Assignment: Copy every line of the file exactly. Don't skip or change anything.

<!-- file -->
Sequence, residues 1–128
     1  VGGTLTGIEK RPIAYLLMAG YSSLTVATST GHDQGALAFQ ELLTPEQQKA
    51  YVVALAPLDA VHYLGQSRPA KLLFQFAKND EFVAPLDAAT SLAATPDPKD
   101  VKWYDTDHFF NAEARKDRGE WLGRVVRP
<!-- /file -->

Sequence, residues 1–128
     1  VGGTLTGIEK RPIAYLLMAG YSSLTVATST GHDQGALAFQ ELLTPEQQKA
    51  YVVALAPLDA VHYLGQSRPA KLLFQFAKND EFVAPLDAAT SLAATPDPKD
   101  VKWYDTDHFF NAEARKDRGE WLGRVVRP